IGP: Temple clash not racial, linked to relocation issue

Inspector-General of Police Tan Sri Mohamad Fuzi Harun today confirmed the fight at the Sri Maha Mariamman Devasthanam temple in USJ 25 was not a racial riot.

Meanwhile, a police source told the Malay Mail some 140 men from the ‘Selempang Merah’ and ‘Kucing Merah’ groups were believed to have been paid RM300 to guard the temple until the developer and the police had arrived.


SHAH ALAM: Inspector-General of Police Tan Sri Mohamad Fuzi Harun today confirmed the fight at the Sri Maha Mariamman Devasthanam temple in USJ 25 was not a racial riot.

He said the issue was connected to the ongoing dispute over the temple’s transfer to another location.

This comes after the developer One City Development Sdn Bhd issued a statement earlier this morning, denying they had anything to do with the incident and threatening to take legal action against those who continue to make ‘unsubstantiated statements’ against it.

Fuzi said the police received a tip-off at 2.40am and arrived at the temple by 2.50am, where some 50 men were immediately spotted around the temple.

“The situation at the temple nearly spiralled out of control, leading to the police personnel to call for reinforcements.

“By 5am, 700 Federal Reserve Units and personnel from the Serdang police district headquarters arrived to handle the situation,” he told reporters during the special press conference at the Selangor police contingent headquarters.

17 men were arrested to facilitate investigations into the clashes, with weapons confiscated during the incident including two swords, two wooden rods, and two rubber pipes.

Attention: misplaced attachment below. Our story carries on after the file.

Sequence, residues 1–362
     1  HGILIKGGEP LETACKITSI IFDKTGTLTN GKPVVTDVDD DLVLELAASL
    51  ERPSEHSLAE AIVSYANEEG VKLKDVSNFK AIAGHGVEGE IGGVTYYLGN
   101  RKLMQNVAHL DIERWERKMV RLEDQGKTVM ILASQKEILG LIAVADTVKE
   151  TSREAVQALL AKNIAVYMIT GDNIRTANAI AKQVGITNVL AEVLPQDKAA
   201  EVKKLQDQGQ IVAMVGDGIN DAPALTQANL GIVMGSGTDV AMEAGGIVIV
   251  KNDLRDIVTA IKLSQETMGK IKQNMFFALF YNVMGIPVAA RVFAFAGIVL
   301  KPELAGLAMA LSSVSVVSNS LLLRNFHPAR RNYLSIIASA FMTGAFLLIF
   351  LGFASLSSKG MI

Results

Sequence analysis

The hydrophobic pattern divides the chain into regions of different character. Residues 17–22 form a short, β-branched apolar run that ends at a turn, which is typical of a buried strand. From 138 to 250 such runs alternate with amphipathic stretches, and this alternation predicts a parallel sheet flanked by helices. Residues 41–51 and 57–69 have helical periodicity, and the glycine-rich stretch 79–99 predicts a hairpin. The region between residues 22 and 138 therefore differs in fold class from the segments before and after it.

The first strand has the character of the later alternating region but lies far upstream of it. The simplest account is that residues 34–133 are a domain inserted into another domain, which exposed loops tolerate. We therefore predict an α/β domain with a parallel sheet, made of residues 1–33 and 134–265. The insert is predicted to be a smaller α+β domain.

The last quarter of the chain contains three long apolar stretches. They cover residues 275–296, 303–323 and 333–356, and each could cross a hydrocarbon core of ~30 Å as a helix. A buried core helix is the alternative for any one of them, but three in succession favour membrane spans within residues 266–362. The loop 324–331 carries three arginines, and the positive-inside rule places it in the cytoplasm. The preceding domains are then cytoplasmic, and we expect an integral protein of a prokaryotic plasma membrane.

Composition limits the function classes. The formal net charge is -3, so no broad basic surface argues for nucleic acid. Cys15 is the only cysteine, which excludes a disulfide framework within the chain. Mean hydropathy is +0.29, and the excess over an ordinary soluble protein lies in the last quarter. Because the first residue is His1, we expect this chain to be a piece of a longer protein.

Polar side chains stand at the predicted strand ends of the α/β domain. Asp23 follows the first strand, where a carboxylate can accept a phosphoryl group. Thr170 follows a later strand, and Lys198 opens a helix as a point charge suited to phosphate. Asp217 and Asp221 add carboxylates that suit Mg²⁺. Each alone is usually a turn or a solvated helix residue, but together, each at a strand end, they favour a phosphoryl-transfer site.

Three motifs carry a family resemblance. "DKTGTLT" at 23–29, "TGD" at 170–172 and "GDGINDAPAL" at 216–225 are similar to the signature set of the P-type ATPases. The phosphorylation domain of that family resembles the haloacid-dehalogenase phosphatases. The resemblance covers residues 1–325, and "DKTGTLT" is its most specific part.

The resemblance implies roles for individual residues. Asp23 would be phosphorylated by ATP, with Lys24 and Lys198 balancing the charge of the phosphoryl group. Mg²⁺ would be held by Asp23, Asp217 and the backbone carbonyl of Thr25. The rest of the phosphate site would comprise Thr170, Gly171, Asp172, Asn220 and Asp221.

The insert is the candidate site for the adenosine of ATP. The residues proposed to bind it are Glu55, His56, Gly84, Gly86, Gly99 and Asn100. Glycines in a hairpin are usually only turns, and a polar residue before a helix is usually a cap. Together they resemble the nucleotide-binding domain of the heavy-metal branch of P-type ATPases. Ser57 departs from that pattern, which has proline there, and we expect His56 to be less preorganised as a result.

“Six men were also injured, along with a police corporal from the Subang Jaya district headquarters who sustained a broken arm and is now being treated.

“We will continue to monitor the site of the temple 24 hours a day for a certain period of time, as deemed necessary,” Fuzi said.

He dismissed queries about the police arriving later than expected at the temple or not taking action during the clash, adding if that were the case lives would have been lost.

“All individuals including the masterminds have been identified by us and will be called in for questioning later on.

“I urge the public to stop spreading misinformation about the incident which could further aggravate the situation, and lead to public disorder,” Fuzi said.

Meanwhile, a police source told the Malay Mail some 140 men from the ‘Selempang Merah’ and ‘Kucing Merah’ groups were believed to have been paid RM300 to guard the temple until the developer and the police had arrived.

It is understood the developer had planned on moving the temple today from its current location to another site some 3km away in Putra Heights, following the end of its management period on Thursday (November 22) by the task force in charge of finding a solution.

The source said the group arrived at the temple at 2.30am and began chasing away a group of devotees present, which led to provocations and saw the group’s members hurl various objects from inside and around the temple.

At 4.20am the number of devotees had greatly increased as they gathered outside the temple, and proceeded to cut apart its fences to storm the compound. The mob began to assault the group in the temple, some of whom managed to escape through the cut fence.

By 5am, the mob began to set fire to vehicles said to have belonged to the group, which involved 22 cars and five motorcycles. However, the blaze was brought under control by the Fire and Rescue Department who arrived shortly after.

“It appears the group’s actions of entering the temple triggered the anger of its devotees, which led to the clash.

“The increased number of devotees (later on) only served to inflame the passions of those present to defend the temple. By 10.20am the riot police dispersed and Selangor police chief Comm Datuk Mazlan Mansor decided to postpone the operation,” he said.

Source: The Malay Mail Online

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